My Antonia, Paperback Book
4.5 out of 5 (4 ratings)


Other Formats


Free Home Delivery

on all orders

Pick up orders

from local bookshops


Showing 1 - 4 of 4 reviews.

Review by

I really liked this. For a long time I shied away from the idea of it, and "O Pioneers", mostly because of my perception that the subject matter would be boring to me after I looked at the cover picture of nothing but wheat sheaves deep into a long, flat distance - boring picture really. But - the story start out grabbing my interest, as I was chewing on some tasty hash browns in McDonalds, by setting itself up in a present as two friends reminisced their Nebraska childhood. I read a lot of different, unconnected stuff but little of it is of this style. I found myself expecting surprises of a fantastic, raunchy and/or unbelievable proportions as the story built up to little climaxes in the lives of Jim, Lena, Tiny and Ántonia. It didn't happen that way. Each of those little climaxes finished in a refreshingly normal and realistic way - at least in the way of my growing up experiences. It was good to be kept in the realistic, as opposed to being bumped into the thrilling, for a change. The prose flowed beautifully. The descriptives were wonderful. I understand now why Willa Cather has been afforded such a high place in American literature. I will now go ahead and read "O Pioneers" when a copy drops into my lap again. I'll lay odds I'll enjoy that too.

Review by

The story of Antonia Shimerda,a Bohemian emigrant,and Jim Burden,an American boy who befrends her. Beginning in their childhood when Jim teaches her to speak English and and one day when they are out together Jim manages to kill a huge snake which they both bring home in triumph. We follow them through their growing-up and into adult-hood and meet their many friends and members of their family.This is a story of ordinary people told in an extraordinary way. Once read it will never be forgotten.This is one of the few books of which one can truly say 'I am sorry this is finished'.

Review by

A prairie classic that is great for book discussion groups.

Review by

For Cather, My Antonia was very much based on real life experience. She had a friend as a young girl, who was an immigrant hired girl, and she visited her when they were both adults and her friend was married with a large family, similar to Jim's visit to Antonia. Although, Cather was successful at that time, she felt the loss deeply of a relationship that had recently ended with Isabelle McClung, the love of her life, who became engaged to a concert violinist. She returned to her home town, Red Cloud Nebraska for 3 months to mourn the loss. It seems that Antonia and Jim's relationship mirrors Cather's feelings of failure in her personal life, but success in her professional life. Jim recognizes Antonia's contentment with her place in her life, and ultimately feels that sense of fulfillment, by the end of the book, after visiting with her.Many parts of the book are based on truth, such as the story of the wolves and many of the people who played a part in My Antonia, were people Cather knew, the Harlings were really the Miners, neighbors of the Cathers. There was that feeling, to me, that Cather was trying to impart something that struck a chord deep within her, and I think that is because she was basing so much of the story on experiencs that she had and people she knew. The story of the Cutter suicide which seems so innocuous at that point in the story was based on a loan shark Cather knew of who was cruel to his wife, throughout their marriage and finally shot her and killed himself. Just as in life it would have seemed so random and strange, it was when plunked into the story during Jim's visit. Cather's skill lay in bringing the story to light at just the right time, for the fascination of Antonia's children and the entertainment of Jim, who later checks on the facts of the story with another lawyer. I loved the last line, by Jim "Whatever we had missed, we possessed together the precious, the incommunicable past."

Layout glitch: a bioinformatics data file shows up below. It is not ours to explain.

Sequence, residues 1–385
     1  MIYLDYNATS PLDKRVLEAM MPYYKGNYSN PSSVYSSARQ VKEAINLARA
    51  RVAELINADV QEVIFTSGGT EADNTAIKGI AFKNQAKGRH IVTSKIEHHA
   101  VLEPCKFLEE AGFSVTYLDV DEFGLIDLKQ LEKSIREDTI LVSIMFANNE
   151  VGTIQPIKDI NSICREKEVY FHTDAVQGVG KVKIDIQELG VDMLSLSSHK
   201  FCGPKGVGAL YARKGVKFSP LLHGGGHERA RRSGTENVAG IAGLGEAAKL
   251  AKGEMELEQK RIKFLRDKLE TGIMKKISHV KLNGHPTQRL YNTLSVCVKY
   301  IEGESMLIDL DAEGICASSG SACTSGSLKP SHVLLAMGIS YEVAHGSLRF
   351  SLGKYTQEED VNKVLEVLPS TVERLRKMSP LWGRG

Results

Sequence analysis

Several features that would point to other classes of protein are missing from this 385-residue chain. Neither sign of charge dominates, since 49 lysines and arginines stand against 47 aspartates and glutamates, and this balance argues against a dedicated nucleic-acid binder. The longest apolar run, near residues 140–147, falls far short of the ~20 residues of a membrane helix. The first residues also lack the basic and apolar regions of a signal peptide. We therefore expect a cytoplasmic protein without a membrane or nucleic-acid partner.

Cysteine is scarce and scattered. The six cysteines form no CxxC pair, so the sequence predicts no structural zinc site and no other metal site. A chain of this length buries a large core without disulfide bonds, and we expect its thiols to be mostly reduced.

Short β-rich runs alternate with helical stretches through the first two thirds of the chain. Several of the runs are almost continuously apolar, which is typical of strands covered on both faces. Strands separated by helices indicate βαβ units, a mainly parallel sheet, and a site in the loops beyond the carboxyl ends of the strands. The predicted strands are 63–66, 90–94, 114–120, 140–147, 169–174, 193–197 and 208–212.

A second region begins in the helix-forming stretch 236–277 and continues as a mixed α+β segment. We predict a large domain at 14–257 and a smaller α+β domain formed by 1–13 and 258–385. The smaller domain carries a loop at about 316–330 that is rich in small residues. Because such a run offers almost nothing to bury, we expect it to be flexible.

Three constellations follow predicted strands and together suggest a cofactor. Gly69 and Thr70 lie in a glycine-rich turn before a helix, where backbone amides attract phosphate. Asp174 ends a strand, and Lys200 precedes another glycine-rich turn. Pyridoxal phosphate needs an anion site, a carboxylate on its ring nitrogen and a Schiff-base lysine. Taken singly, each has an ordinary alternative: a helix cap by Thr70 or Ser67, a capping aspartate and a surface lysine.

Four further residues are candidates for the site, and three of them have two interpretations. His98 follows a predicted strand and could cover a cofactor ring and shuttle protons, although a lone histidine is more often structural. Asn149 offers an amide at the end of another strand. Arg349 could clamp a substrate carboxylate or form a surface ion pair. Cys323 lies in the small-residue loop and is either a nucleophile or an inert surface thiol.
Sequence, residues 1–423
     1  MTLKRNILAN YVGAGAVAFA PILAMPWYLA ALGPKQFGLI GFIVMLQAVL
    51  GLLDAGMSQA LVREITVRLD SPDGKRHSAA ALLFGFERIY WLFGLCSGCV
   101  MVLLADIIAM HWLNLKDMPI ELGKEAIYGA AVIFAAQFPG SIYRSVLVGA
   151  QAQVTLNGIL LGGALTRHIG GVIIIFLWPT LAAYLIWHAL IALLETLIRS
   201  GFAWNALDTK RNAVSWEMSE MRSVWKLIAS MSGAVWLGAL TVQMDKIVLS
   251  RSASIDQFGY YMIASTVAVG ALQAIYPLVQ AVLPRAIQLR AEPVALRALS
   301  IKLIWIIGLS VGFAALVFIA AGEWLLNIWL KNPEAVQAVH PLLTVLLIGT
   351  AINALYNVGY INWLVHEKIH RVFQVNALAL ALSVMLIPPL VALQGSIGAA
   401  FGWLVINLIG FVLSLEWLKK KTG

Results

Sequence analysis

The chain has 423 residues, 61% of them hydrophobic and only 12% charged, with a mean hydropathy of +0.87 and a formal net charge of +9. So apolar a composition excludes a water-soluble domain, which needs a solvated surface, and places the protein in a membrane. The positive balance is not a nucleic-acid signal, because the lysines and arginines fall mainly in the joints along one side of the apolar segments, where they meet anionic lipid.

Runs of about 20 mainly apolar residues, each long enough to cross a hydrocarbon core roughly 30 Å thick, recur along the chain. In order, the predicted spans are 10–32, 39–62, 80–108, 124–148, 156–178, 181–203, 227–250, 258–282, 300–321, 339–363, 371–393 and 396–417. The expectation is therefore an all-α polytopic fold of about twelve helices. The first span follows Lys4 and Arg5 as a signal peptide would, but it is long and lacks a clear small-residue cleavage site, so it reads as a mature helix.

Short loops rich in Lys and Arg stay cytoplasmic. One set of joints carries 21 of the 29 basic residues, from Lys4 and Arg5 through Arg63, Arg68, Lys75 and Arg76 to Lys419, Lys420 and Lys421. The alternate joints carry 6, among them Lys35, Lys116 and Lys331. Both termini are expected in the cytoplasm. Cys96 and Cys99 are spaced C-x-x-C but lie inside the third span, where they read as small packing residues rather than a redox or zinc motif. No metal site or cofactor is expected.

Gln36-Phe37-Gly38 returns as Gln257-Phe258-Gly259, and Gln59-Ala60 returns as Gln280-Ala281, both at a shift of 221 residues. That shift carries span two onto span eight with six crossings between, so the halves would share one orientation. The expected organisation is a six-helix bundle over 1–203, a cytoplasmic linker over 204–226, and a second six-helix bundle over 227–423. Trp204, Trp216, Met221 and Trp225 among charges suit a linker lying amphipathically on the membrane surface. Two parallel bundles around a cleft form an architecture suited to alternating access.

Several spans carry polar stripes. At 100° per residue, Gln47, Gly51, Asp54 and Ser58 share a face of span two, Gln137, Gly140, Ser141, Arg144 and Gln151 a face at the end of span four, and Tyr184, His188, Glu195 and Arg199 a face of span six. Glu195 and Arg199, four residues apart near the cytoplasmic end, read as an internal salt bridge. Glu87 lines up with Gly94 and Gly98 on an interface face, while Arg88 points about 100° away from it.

Also by Willa Cather   |  View all